2. UPDATE 1 UPDATE 2 ------------------------------------------ 1) - Spycar What is Spycar? Spycar is a suite of tools designed to mimic spyware-like behavior, but in a benign form. Intelguardians created Spycar so anyone could test the behavior-based defenses of an anti-spyware tool. Spycar runs only on Windows, the same platform most targeted by spyware developers. What does Spycar do? The following links are Spycar. Clicking on each of the links will make Spycar try to take some benign action on your system. When you first run it, Spycar will ask you to name a test profile, a small file where we'll store state information about a given series of Spycar tests you perform. Then, when you click on each link, Spycar works by pushing a Windows executable to your browser. Currently, Spycar runs only on Windows, and its browser-centric alterations focus on IE, although it can be triggered by any Windows browser (Firefox-altering Spycar modules will be released soon!). Spycar does not include any exploits, so you must click "OK" in the message that appears in your browser to run the given Spycar function. If, after you click "OK", your anti-spyware tool blocks the given Spycar action, good for you! If not, this benign alteration will occur. Then, when you have clicked each of these links, you can click on the Results/Clean-Up link to have the Spycar tool called TowTruck automatically measure how your anti-spyware tool did, and to restore your machine to the pre-Spycar settings. Note that we designed Spycar as a series of different links and associated executables. We did not make it a monolithic one-click-to-conduct-all-actions programs, because an anti-spyware tool may shut down a given program early on in its cycle, without letting Spycar accurately test later modules. That's why you have to click on each link, giving your anti-spyware tool a fair shot at stopping each individual action. Spycar Tests Spycar Homepage 2) -Shields UP Without your knowledge or explicit permission, the Windows networking technology which connects your computer to the Internet may be offering some or all of your computer's data to the entire world at this very moment! GRC Shields UP Test 3) - DNS Nameserver Spoofability Test Can you trust your Domain Name Servers? You and your web browser would believe you were at your banking site. You entered the URL correctly, or used a reliable link or shortcut. Everything would look right. But you would be logged onto a malicious foreign web site which was ready and able to capture your private banking information. DNS Spoofability test 4) -Symantec Security Check Symantec Security Test 5) -PC Security Test PC Security Test is a free program for Windows that checks computer security against viruses, spyware and hackers. With a few mouse clicks, users can easily control the efficiency of their protection software (anti-virus programs, spyware scanners and firewalls). PC Security Test simulates virus, spyware and hacking attacks and monitors the responses of your protection software. Don't worry, no real viruses are involved !After the tests are complete, PC Securtiy computes a security index and provides tips on improving PC security. Download PC Security Test Homepage 6) -PC Flanks Battery of Tests PC Flanks Tests 7)- Security Scan from Audit My PC scans done - Firewall Scanner , Privacy Scanner , Exploit Scanner Audit My PC 8 ) -Test My PC Security Battery of Tests . Test My PC Security has a wide range of downloadable firewall leak and HIPS tests so you can find out just how good your security software is. Firewall Leak Tests – Firewall leak tests are written to test how effective the firewall component of your security software is at detecting and blocking outgoing connection attempts. If a program is able to connect to the internet without your knowledge then it is capable of transmitting any private data you may have on your machine. The techniques used by these programs are sophisticated but are representative of real world threats – so your firewall needs to block them. HIPS Tests – Tests designed to check how well your security software protects your internal system from attack by malicious executables such as viruses. A good HIPS system will restrict access to your critical operating system files, registry keys, COM interfaces and running processes. It should block untrusted processes from modifying the memory space of other programs and stop malware whenever it tries to install itself. Firewall Leak and HIPS tests – These tests are designed to test both of the above at the same time (both the Firewall and Host Intrusion Prevention components of your software). Download Complete Set of tests (Zip ) Individual Tests Home Page 9) -Belarc Advisor - Free Personal PC Audit The Belarc Advisor builds a detailed profile of your installed software and hardware, missing Microsoft hotfixes, anti-virus status, CIS (Center for Internet Security) benchmarks, and displays the results in your Web browser. All of your PC profile information is kept private on your PC and is not sent to any web server. Download BelArc Security Advisor BelArc Home Page 10) - Qualys Browser Check Perform a security analysis of your browser and its installed and missing plug ins and / or any other security patches or any other security issues . Qualys Browser Check 11) - Browser Spy BrowserSpy.dk is a collection of online tests that shows you just how much personal information can be collected from your browser just by visiting a page. BrowserSpy.dk can tell you all kinds of detailed information about you and your browser. Information ranging from simple stuff like the name and version of your browser to more detailed stuff like what kind of fonts you have installed and what hardware you're running on. You name it, BrowserSpy.dk shows it! When you surf around the internet your browser leaves behind a trail of digital footprints. Websites can use these footprints to check your system. BrowserSpy.dk is a service where you can check just what information it's possible to gather from your system, just by visiting a website.Privacy to the ultimate test! Browser Spy 12) - Eicar Test File The Eicar Test file , your anti virus should alert you to both the files when you click on them . if it doesnt , let them download , and then extract them or use them or scan your pc with your AV scanner . if working , your AV scanner should alert you this ( FAKE ) threat ... Eicar2com test Zip eicar.com 13) - Firewall Leak Tester Download Firewall Leak Test Leak Test Home Page 14) - Zemana Logging Tests . These test programs simulate the activities of different loggers. If your security software is protecting you proactively, then the simulation should trigger a warning message. No warning means no proactive protection... and probably no protection at all! If the simulation does not trigger a warning, then your current security software does not protect you . http://zemana.com/SecurityTests.aspx 15) - Spy Shelter Security Test Tool Download Spy Shelter Test Spy Shelter Home Page 16) - BufferZone Security Test Tool In the following demo, we will simulate what will happen when you receive a malicious file. It could come in through any number of ways: browsing, as an email attachment, from a USB storage device, just to name a few. We will attempt to prove that none of your security system's defense layers will identify or alert you to our intrusion attempt. Note: This is only a demo and no actual damage will be caused to your PC. Download Test File BufferZone Test Homepage 17) - Matousec Security Software Testing Suite Security Software Testing Suite (SSTS) is a set of tools used for testing Windows security software that implement application-based security – i.e. most of the Internet security suites, HIPS, personal firewalls, behavior blockers etc. SSTS is based on the idea of independent programs that attempt to bypass various features of the security software. Each test of SSTS is directed against a single feature or against a few closely connected features of the security software. Download SSTS. Matousec SSTS Homepage 18) - RUBotted - Test if your PC is Acting like a BOT . RUBotted monitors your computer for potential infection and suspicious activities associated with bots. Bots are malicious files that enable cybercriminals to secretly take control of your computer. As more bots secretly take control of computers and use these infected machines in malicious activities, bot networks are becoming more resilient. The emergence of new bot families and the continued proliferation of some of the threat landscape's most notorious botnets only reinforce the need for a reliable solution against botnets. It is capable of detecting known and unknown variants of known botnet families including some of the most notorious botnets today: ZBOT/ZeuS – bank information stealerKOOBFACE – most successful Web 2.0 botnetWALEDAC – infamous spamming botDownload RUBotted RUBotted Homepage 19) Comodo Tests ( Thanks to Alienforce1) Comodo Parent Injection Leak Test Suite (contains 3 Tests) The CPIL suite contains three separate tests especially developed by Comodo engineers to test a firewall's protection against parent injection leak attacks Download CPIL -- -------------------- Comodo HIPS and Firewall Leak Test Suite (contains 5 tests) Comodo's latest suite of tests cover a wider range of exploits and will tell quickly inform you if your computer is vulnerable to Root kits, Background Intelligent Transfer attacks and process injection attacks. Download HIPS and Firewall Test 20) Phish Test Verify the authenticity of a URL with this online live tool . suspect a link to be Phishy test it here . and see if its been reported a web forgery or not . other way to use the tool is to check your system for Phishing safety . copy a link from the website which has already been reported to be a web forgery . open it in your browser and see if you get any alerts . PhishTank PS-- please read all the instructions on a tests web site thoroughly and completely before running or performing a test . the post can not be held responsible for any loss of data , loss of system stability , system crashes , BSOD, system failures or for that reason , any thing that may arise while or after performing a test .!! nothing serious , just a random precautionary statement , all tests are safe . go ahead and try them and test your system ...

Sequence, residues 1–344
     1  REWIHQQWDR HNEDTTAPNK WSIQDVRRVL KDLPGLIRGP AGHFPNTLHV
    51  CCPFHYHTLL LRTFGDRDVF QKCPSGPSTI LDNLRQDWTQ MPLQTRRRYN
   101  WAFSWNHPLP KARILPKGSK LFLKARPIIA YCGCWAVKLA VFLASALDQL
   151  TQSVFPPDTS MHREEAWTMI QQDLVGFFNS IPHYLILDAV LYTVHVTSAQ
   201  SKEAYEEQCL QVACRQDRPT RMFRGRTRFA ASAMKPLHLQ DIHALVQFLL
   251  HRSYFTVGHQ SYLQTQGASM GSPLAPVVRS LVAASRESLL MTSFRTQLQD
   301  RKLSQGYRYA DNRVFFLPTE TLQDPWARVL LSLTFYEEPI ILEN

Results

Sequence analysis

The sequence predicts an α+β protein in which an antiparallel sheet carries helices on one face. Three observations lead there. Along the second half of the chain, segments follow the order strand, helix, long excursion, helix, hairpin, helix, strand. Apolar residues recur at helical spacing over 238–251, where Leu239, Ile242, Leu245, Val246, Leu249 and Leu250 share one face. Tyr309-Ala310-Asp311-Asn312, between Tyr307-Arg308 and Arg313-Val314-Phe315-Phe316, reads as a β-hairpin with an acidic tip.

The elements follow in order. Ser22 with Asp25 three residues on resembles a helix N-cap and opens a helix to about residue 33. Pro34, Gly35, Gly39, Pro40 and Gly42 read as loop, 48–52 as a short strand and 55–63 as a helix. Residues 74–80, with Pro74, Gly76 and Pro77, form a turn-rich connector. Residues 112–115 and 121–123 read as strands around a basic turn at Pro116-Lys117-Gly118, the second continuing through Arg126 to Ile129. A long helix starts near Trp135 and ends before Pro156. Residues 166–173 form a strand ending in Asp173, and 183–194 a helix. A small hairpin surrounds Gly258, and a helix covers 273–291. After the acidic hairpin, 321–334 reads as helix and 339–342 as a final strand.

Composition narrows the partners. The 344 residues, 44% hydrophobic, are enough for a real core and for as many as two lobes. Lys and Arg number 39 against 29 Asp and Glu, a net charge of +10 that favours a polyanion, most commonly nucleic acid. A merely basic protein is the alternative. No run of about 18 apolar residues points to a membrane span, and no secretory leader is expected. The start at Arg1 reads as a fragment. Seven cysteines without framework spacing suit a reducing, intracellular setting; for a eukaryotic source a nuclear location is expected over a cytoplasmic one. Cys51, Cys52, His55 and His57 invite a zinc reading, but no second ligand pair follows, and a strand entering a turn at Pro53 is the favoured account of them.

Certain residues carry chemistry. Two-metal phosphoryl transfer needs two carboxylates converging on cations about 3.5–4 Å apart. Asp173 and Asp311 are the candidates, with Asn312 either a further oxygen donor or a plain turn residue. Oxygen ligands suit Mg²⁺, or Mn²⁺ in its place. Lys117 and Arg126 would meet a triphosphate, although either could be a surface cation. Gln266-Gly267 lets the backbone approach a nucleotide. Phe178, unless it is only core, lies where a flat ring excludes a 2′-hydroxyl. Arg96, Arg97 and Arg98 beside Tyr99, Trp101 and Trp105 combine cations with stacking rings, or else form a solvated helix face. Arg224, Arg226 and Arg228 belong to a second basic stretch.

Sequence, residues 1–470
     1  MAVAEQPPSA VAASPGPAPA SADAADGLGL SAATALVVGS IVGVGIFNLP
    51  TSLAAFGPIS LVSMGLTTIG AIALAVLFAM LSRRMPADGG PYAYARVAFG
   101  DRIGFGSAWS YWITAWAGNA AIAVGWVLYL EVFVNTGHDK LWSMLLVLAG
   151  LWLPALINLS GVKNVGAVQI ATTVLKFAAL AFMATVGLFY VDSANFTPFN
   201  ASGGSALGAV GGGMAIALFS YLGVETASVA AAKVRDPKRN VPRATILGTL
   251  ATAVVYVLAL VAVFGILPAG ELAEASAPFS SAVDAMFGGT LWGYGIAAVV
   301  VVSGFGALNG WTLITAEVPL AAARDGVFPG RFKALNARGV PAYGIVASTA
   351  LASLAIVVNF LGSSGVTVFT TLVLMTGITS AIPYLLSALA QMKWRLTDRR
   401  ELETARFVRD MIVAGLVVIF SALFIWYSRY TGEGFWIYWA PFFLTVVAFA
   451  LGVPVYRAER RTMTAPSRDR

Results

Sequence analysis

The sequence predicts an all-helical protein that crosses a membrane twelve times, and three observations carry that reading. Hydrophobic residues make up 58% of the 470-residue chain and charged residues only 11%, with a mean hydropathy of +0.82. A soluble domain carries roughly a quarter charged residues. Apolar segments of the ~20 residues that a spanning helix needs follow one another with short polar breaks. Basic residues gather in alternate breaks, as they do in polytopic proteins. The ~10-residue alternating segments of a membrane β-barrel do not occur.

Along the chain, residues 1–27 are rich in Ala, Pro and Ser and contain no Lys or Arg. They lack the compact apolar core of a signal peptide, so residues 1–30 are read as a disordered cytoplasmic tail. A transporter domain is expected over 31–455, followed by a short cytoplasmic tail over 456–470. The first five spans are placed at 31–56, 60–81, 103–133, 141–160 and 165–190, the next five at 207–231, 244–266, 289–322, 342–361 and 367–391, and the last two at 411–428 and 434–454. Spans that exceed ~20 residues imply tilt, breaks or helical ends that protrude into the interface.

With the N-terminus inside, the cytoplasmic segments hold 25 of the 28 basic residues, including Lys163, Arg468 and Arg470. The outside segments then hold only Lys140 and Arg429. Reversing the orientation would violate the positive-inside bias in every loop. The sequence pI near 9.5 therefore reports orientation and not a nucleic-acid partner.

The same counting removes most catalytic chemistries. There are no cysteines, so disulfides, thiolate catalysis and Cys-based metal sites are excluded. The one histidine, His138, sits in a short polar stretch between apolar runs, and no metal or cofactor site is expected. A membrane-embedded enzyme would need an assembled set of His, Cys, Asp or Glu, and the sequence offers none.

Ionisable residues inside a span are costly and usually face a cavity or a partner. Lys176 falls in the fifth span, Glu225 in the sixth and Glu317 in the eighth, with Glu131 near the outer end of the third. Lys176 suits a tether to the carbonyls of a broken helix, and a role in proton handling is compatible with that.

3. Mine is extremely light, but undoubtedly powerful. Here is my setup: Defensewall ShadowDefender Keyscrambler Sandboxie (custom rules) (A2, SAS, MBAM used rarely, on demand)